Minnesota Twins: How To Fix the Messy Outfield Problem

Andrew KneelandSenior Writer IMay 17, 2009

KANSAS CITY, MO - MAY 28:  Carlos Gomez #22 of the Minnesota Twins fields the ball against the Kansas City Royals on May 28, 2008 at Kauffman Stadium in Kansas City, Missouri. (Photo by G. Newman Lowrance/Getty Images)

The "Good" Outfield Problem

Five outfielders for four positions: Denard Span, Carlos Gomez, Delmon Young, Michael Cuddyer, and Jason Kubel. Here is a brief run-down of each and what their playing time should look like:

  • Denard Span (.302/.385/.381, 17 BB: 20 K, 18 RBI, 8 SB) Span has been a decent lead-off batter for the Twins thus far in 2009. Hitting for a good average, Span has also gotten on base at a decent clip. He has been a regular fixture somewhere in the outfield; usually either left or center field, depending on whether Gomez is playing. Span has a better RZR percentage when he plays center field, successfully converting over 94 percent of all balls hit in his zone into outs. That number goes down to 92 percent when Span plays left, but he does have three outfield assists from that position. Whether Span plays center or left field, his offensive and defensive abilities have proved why he should be playing every day.
  • Carlos Gomez (.207/.277/.310, 6 BB: 16 K, 2 RBI, 3 SB) Gomez's offensive play certainly doesn't have the appeal of other outfielders. What he lacks at the plate, though, he makes up for with his outstanding defense. Gomez has only played 28 games this year, and all of those have been while stationed in center field. He has converted an amazing 98 percent of all balls hit into his zone into outs. Gomez has a total of eleven outs made outside of his zone, and hasn't committed an error yet. The question of the century, though: is his defense enough to merit his presence in the batting lineup every day?
  • Delmon Young (.277/.322/.325, 1 HR, 4 BB: 22 K, 14 RBI, 2 SB) Young has had a very disappointing lack of power this year. He swings for the fences every at-bat and, as his BB:K ratio attests to, misses more often than not. Offensively, Young is the epitome of decency. Defensively, Young has not wandered from left field this year. He has a total of three assists to go along with two errors. His RZR percentage of .833 leaves much to be desired.
  • Michael Cuddyer (.268/.361/.417, 3 HR, 19 BB: 25 K, 18 RBI, 3 SB) Cuddyer had an awful start to the season, but has rebounded nicely. He has been swinging a hot bat lately and has seen a lot of the action in recent games from right field. He hasn't committed an error so far this year, and has converted nearly 88 percent of the 57 balls hit into his zone into outs. Twelve outs have been made by Cuddyer outside of his right field zone, which goes to show that the 30-year-old still has a solid set of legs under him. He will eventually regress some from this offensive outburst he has been on and his playing time will be more limited when that happens.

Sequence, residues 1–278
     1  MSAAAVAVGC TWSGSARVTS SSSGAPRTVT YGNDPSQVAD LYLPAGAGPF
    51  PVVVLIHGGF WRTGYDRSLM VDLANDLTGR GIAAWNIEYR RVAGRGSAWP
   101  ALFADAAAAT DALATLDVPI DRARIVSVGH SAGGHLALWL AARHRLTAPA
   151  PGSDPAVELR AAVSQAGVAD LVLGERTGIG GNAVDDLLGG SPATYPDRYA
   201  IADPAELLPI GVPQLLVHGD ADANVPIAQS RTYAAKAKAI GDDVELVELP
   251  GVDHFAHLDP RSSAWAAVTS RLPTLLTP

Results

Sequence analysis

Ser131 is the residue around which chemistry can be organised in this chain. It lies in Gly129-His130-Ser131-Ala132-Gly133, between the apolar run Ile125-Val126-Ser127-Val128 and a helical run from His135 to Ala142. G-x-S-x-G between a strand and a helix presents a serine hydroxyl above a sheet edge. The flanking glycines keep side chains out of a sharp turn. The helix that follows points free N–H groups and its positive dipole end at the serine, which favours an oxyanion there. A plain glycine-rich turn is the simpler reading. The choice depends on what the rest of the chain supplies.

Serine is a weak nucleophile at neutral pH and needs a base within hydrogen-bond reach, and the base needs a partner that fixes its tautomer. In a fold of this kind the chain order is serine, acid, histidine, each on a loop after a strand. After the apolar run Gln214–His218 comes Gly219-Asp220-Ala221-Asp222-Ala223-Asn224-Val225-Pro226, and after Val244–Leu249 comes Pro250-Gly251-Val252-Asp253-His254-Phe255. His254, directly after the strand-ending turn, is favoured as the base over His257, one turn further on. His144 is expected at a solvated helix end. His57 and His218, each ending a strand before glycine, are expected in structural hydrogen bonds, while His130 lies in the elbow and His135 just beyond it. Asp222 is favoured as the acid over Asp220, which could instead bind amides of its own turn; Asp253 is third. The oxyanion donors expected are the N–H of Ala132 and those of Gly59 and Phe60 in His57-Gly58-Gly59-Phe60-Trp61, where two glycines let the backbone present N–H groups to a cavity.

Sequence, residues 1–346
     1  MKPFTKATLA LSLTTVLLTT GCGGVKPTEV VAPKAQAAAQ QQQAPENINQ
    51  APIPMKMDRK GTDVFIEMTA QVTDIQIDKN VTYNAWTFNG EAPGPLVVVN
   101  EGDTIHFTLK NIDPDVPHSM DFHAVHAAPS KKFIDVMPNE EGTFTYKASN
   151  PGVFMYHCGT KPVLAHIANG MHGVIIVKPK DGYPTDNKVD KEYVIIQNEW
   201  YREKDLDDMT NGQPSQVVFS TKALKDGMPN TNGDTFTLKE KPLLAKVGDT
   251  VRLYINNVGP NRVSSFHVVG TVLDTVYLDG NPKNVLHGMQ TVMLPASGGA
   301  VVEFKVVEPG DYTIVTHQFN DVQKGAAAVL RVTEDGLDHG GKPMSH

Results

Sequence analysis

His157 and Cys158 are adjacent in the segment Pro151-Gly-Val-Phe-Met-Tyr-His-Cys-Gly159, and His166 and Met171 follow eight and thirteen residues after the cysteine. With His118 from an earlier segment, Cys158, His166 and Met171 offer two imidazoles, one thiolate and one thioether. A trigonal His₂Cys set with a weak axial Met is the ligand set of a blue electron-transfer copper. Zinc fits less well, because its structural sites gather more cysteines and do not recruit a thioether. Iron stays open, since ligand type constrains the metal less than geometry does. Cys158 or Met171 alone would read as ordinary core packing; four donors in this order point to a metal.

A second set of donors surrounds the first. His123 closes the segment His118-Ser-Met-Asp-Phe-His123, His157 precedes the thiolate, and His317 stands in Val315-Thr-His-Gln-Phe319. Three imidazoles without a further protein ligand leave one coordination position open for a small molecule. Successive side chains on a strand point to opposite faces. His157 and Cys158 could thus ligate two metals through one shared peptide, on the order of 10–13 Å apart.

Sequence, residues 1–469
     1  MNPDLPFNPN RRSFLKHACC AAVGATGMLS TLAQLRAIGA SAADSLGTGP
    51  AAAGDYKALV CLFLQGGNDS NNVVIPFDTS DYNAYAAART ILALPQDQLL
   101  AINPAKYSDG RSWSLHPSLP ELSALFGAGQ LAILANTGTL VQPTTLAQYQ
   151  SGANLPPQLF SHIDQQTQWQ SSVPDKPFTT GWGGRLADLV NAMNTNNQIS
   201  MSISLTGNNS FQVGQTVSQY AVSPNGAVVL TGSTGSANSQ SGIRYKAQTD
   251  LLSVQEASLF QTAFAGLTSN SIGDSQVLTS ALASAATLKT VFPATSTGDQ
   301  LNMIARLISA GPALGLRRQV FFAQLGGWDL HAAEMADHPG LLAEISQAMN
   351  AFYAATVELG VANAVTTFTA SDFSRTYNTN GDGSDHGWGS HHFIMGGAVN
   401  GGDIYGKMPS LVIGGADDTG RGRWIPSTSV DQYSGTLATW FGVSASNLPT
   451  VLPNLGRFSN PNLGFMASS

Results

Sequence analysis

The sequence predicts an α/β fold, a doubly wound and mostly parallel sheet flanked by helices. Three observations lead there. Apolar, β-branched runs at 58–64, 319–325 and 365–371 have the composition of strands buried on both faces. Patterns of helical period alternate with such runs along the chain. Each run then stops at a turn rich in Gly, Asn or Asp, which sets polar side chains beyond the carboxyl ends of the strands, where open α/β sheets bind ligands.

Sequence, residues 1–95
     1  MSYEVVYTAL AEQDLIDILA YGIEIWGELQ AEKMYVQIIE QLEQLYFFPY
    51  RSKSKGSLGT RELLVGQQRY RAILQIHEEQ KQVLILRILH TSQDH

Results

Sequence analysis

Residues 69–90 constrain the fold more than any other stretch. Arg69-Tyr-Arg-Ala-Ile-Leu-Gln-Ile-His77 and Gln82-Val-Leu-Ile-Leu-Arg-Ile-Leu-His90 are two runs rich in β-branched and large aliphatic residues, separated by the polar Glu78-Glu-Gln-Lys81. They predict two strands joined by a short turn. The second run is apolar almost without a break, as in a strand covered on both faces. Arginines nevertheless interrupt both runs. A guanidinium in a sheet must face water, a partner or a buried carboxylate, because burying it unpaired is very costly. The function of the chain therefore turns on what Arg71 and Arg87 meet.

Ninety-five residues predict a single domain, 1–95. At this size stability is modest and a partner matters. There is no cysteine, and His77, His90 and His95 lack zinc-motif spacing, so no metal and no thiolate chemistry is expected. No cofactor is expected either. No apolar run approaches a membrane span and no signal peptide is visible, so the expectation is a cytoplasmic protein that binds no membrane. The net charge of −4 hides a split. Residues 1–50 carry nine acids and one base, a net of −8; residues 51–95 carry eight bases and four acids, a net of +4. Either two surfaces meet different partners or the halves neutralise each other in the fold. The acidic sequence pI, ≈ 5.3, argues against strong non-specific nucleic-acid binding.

• Jason Kubel (.339/.378/.576, 5 HR, 8 BB: 19 K, 20 RBI) Kubel has played almost exclusively from the designated hitter position this year. He has been one of the best of the Twins from a batters' perspective and is an extremely valuable left handed bat in the middle of the batting order.

Knowing all of that, how do you distribute the playing time between these guys? For guys like Gomez and Young who are struggling at the plate, they can't get better unless they have plate appearances. Allowing them to have at-bats, though, is not a good thing from an offensive perspective. Can you afford to have guys like Cuddyer and Kubel, who the Twins' are paying millions of dollars this year, ride the bench two or three days a week?

Here is the ideal solution: 

Versus LHP

Left Field—Denard Span
Center Field—Carlos Gomez
Right Field—Michael Cuddyer
Designated Hitter—Delmon Young

Versus RHP

Left Field—Denard Span
Center Field—Carlos Gomez
Right Field—Michael Cuddyer
Designated Hitter—Jason Kubel

As you can tell, I am a firm believer that Gomez's defense makes up for his offensive ineptitude. He and Span need to play every game, especially considering that the majority of the Twins' starting pitchers have a high tendency to surrender fly balls. Their range will be vital to the success of the starting rotation; something we cannot compete without.

The most controversial aspect of the above list is obviously Young in the designated hitter position against lefties. He has been a defensive liability, as Kubel can also be at times. Unlike Kubel, however, Young needs at-bats before he can develop a better swing. Working with hitting coach Joe Vavra is all well and good, but what the 23-year-old needs most is at-bats at the Major League level.

Obviously, if Cuddyer ever regresses a significant amount at the plate, he would be replaced by Young and Kubel would once again be the full-time DH. (Of course, Mauer needs the occasional day off from behind the plate and will bat from that position at least once a week, but that is beside the point.)

This could all fit into the "master plan" of finding another home for Delmon Young. I cannot picture him a successful Twin in five years and think he would be better off somewhere else (whether he turns into the next David Ortiz or not.)

If the Twins were to attempt to trade him right now, though, they would get almost nothing in return. Should Young improve at the plate enough to draw interest from other teams, he could be unloaded and the outfield mess (a good mess, but a mess nonetheless) could be solved.

If the Twins could get a good reliever in return they would be killing two birds with one stone.